Guy Hill of DroidINDUSTRIES — “I think the biggest challenge in PPC is Google itself. I think the first step is understanding that Google is not a “consultant” to your business, but a revenue-hungry sales team and stock-price-driven public company. Don’t expect Google sales reps to say any of that (or believe it). They have “eyeballs” that we as advertiser need, but those eyeballs are not their product. Their product is this increasingly complex, barely transparent juggernaut of technology, features and tools. Understanding what Google is really selling you, and why, and getting control over that process is an ongoing challenge. Underestimating the complexity is rampant in 2010, and will be a serious challenge in 2011. For instance, Google releases every feature as a “benefit,” but is each new feature designed for advertiser value, or Google-value to their own bottom line? This week they announced more opportunities to “automate” your bidding, etc. Is that value to you? Really? Could they be encouraging dangerous “set it and forget it” behavior, with ongoing debits from your company credit card while you’re off working on other things? Is this another chance for advertisers to become more distant from the audience, and more caught up in misunderstandings of what Google features do, and how they affect the bottom line? This is a very big deal. In talking with dozens of companies, it’s clear advertisers don’t really understand many of the fundamentals of the workings of Google. When you fundamentally don’t understand something, controlling ROI is very difficult. Advertisers are the flock, Google is the wolf, and shepherds have a lot of work to do to keep the flock (and those ad budgets) safe in 2011. Historically, things like “keyword insertion,” match types and “automatic match,” changes to the bidding algorithm, etc., have all been sold to us as “improvements” (they literally use that word each time). Many of those features have quickly taken advertisers toward low or no ROI. The ability to read between the lines, test the value of each new Google-tweak, and keep your ROI intact will remain an ongoing battle in the PPC world.”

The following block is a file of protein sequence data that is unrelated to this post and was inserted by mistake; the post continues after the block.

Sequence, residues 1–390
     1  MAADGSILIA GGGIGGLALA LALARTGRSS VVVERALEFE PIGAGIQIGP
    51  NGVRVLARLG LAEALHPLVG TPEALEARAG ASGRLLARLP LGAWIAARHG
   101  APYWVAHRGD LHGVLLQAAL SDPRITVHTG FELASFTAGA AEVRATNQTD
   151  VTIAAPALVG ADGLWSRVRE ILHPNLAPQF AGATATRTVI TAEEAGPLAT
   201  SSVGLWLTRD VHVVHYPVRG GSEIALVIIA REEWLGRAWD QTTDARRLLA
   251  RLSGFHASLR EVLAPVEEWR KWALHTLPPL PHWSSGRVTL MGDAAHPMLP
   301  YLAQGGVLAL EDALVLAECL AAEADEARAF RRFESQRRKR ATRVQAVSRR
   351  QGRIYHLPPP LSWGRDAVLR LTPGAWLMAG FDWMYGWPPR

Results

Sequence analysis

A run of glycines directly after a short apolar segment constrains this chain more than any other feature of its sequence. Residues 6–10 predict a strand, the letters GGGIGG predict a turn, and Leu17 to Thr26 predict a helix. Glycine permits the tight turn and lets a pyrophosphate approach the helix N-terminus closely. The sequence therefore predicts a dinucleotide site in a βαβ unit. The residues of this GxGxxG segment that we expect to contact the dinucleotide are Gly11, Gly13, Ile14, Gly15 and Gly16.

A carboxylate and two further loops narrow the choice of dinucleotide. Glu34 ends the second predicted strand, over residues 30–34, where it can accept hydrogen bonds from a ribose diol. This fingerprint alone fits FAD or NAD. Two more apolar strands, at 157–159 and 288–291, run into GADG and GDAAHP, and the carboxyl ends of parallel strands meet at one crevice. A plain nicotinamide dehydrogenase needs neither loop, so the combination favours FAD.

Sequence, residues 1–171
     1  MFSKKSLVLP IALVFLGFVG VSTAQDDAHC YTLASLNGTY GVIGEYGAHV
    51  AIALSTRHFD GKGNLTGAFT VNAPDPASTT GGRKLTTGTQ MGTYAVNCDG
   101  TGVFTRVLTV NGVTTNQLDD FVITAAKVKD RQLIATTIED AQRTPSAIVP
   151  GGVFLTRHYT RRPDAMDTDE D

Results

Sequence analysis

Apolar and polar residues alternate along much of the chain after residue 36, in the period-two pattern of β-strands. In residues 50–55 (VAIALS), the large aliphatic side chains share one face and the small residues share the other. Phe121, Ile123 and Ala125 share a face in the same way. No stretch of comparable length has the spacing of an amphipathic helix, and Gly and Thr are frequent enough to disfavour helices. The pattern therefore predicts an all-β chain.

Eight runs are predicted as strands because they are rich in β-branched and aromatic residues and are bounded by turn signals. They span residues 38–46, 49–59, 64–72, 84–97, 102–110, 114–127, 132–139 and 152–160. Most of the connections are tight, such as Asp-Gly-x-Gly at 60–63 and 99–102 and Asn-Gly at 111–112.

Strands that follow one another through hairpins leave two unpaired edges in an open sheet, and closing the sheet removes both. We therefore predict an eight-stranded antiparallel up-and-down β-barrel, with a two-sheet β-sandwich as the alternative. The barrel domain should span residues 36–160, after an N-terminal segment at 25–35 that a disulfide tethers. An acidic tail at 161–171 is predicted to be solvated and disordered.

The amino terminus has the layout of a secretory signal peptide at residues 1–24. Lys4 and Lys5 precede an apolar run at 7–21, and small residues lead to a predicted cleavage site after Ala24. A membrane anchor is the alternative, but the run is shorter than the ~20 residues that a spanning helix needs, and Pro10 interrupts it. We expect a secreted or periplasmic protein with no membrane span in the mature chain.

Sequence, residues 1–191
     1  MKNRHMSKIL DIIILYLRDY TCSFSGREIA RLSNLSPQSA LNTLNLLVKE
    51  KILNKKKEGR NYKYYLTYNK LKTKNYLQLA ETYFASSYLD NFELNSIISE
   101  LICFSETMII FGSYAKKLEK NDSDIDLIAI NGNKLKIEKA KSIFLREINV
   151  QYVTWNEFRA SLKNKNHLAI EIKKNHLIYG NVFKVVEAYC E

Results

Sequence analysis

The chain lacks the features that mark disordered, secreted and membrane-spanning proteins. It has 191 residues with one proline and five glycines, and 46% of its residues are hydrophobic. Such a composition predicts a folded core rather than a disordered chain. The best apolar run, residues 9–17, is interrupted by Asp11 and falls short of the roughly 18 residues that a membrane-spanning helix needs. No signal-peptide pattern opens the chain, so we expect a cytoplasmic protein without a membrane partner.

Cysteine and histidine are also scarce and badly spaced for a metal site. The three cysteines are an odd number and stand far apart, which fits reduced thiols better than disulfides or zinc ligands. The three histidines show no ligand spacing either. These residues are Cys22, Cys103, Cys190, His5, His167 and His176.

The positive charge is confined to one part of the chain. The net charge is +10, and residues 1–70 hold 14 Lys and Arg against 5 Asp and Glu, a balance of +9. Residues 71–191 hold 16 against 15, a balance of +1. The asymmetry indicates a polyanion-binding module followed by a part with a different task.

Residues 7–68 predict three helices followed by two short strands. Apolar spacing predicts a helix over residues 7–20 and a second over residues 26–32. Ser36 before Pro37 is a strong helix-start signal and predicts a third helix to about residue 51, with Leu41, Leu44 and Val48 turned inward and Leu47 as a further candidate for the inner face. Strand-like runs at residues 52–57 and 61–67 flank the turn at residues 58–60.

Hallie Janssen of Anvil Media, Inc. –
- Learn from your holiday 2010 experiences, understand traffic volume, budgeting and performance and use them to start planning early (think June/July!) in 2011. Plan for inventory demands, media budgets, messaging, promotions and related creative (landing pages, banner ads, etc.).
- Make it your 2011 resolution to make sure you have a reliable method for tracking performance (revenue, leads, etc.) and that this is integrated into your PPC campaign decisions at the most granular levels possible. If your campaigns are large enough to justify it, consider investing in a robust bid management tool.
- Take advantage of all of Google’s ad extensions, as they pertain to your business. If you are a retailer, be sure to have at least 30 positive reviews indexed by Google to qualify for Seller Rating Extensions.
- Start testing display (CPC not CPM); see if it can work for you.
Magnus Nilsson of BraveNewMe — “The search alliance will make Yahoo and Bing interesting for many more advertisers. New innovations from Google such as bidding rules and experiments will create a better platform for testing and possibly increased ability to scale up campaigns without need of additional technology.”
Patrick Hare of Web.com Search Agency — “The proliferation of cheaper smartphones means that a wider audience will be available on hyper-local searches (geared to GPS coordinates) and Augmented Reality apps. Additionally, content match marketing on Facebook can be lucrative when specific niches and demographics are targeted.”
Tim Ash of Sitetuners.com — “Automation will become increasingly important since it will become too cumbersome to manage large keyword portfolios effectively by hand. Also, a lot more attention will be paid to creating an alignment between the PPC ad, and the downstream landing page. If your PPC and conversion improvement activities are separate, you are probably losing a lot of money.”
Watch for next week’s entry which covers what is ahead for online marketers in 2011 as far as website conversions is concerned.